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Exchange 2010 and 2013 file formats?

Posted on 2014-01-08
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Last Modified: 2014-01-09
My understanding is that Exchange 2007 used a proprietary and complicated ESB format, pretty much preventing external programs to upload data into mail files.

Has the situation changed with Exchange 2010 or 2013?  Perhaps SQL Server as a backend?

The intent is to upload a large number of messages ("records") into the mail files of a large number of users.
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Question by:Francois Koutchouk
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by:imkottees
ID: 39766526
as per my knowledge nothing has changed.

2010 & 2013 still uses the ESE. No SQL.
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by:Simon Butler (Sembee)
Simon Butler (Sembee) earned 2000 total points
ID: 39766776
Exchange will never use SQL.

http://blogs.technet.com/b/exchange/archive/2009/07/16/3407812.aspx

For importing content you will need to use a third party tool, or go through Outlook.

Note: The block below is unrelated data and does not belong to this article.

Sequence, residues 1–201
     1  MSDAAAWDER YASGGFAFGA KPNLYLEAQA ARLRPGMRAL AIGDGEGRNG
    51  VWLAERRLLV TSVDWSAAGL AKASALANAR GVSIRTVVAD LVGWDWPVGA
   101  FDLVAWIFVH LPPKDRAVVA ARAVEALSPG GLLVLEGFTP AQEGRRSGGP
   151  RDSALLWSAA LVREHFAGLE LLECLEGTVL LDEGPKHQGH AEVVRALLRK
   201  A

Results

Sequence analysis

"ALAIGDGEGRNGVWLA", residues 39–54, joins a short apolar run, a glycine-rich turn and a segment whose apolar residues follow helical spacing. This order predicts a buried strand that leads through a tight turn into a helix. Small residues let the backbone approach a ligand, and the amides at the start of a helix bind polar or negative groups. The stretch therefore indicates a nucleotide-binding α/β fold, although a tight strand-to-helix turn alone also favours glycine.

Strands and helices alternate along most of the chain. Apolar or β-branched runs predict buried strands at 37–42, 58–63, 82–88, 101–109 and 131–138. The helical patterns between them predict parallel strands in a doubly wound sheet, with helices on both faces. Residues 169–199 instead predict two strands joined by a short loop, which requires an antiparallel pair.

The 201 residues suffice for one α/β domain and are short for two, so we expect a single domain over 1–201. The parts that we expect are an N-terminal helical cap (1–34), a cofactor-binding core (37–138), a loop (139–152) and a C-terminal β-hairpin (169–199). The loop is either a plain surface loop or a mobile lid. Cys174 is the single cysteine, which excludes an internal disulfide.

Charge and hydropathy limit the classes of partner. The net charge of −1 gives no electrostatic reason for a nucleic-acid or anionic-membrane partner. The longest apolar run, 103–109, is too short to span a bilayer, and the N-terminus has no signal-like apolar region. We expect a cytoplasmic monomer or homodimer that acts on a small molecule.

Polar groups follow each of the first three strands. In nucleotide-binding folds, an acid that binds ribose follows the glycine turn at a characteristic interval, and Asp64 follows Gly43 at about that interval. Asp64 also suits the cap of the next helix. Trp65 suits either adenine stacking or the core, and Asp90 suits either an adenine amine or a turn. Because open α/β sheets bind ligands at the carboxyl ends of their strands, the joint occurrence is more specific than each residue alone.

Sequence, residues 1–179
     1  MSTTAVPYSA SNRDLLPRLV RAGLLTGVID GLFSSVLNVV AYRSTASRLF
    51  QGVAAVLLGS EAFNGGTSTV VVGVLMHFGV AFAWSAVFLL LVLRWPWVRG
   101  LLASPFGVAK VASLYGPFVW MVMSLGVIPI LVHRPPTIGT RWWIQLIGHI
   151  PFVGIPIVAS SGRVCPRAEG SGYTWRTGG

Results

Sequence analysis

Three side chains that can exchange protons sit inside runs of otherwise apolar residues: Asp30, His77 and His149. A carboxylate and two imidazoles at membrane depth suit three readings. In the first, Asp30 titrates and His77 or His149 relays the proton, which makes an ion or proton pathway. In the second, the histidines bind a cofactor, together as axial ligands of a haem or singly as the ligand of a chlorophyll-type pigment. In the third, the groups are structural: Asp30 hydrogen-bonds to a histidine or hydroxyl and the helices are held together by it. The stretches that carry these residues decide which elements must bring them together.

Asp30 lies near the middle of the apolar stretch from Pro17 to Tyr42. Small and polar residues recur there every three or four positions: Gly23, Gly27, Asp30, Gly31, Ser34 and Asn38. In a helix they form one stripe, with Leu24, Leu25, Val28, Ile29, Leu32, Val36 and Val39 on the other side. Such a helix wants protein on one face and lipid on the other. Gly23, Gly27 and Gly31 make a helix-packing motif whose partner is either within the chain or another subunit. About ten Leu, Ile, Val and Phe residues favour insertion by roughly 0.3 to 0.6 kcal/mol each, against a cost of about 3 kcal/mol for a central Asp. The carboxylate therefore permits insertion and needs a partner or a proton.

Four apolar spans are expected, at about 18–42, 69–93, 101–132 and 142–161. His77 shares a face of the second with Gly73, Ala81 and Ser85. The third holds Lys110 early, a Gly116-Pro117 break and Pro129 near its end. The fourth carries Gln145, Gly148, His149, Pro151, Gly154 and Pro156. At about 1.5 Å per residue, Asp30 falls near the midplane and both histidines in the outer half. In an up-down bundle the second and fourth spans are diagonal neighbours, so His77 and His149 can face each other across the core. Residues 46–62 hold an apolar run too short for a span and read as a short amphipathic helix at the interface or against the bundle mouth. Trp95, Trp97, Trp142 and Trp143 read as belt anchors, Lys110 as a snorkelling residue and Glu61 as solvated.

Simon.
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by:Stelian Stan
ID: 39766819
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by:Francois Koutchouk
ID: 39766830
OK, ESE it is and will be.   SQL provides easy ways to INSERT data in bulk.  What are the options with ESE?
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by:michaelalphi
ID: 39767294
Yes, Users still uses Extensible Storage Engine and do not like to go with SQL.
Reason behind :
1) Due to complex SQL integration
2) Expensive license
3) highly skilled men will be required to manage the database
Conclusion : It's a bit costly and complex solution for small size business.

You can get the all featured information about ESE from here : http://tinyurl.com/msk8pdw
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Simon Butler (Sembee) earned 2000 total points
ID: 39767597
The problem you have is that Exchange works at the mailbox level. Everything is built around importing content in to a mailbox.
If you have a large amount of content, then the most efficient way to import it is through Outlook (without using third party tools).
Otherwise it is a third party tool which will do the import for you, again in to the mailbox. You don't manipulate the database at an item level at all.

Therefore it depends on what format the source material is in. Ideally its original source, not whatever it has been exported in to. If it is mail content for example, it is far easier to export it from the mail server directly, or the client holding the content. Exporting each item to a file makes things a lot more difficult.

Simon.
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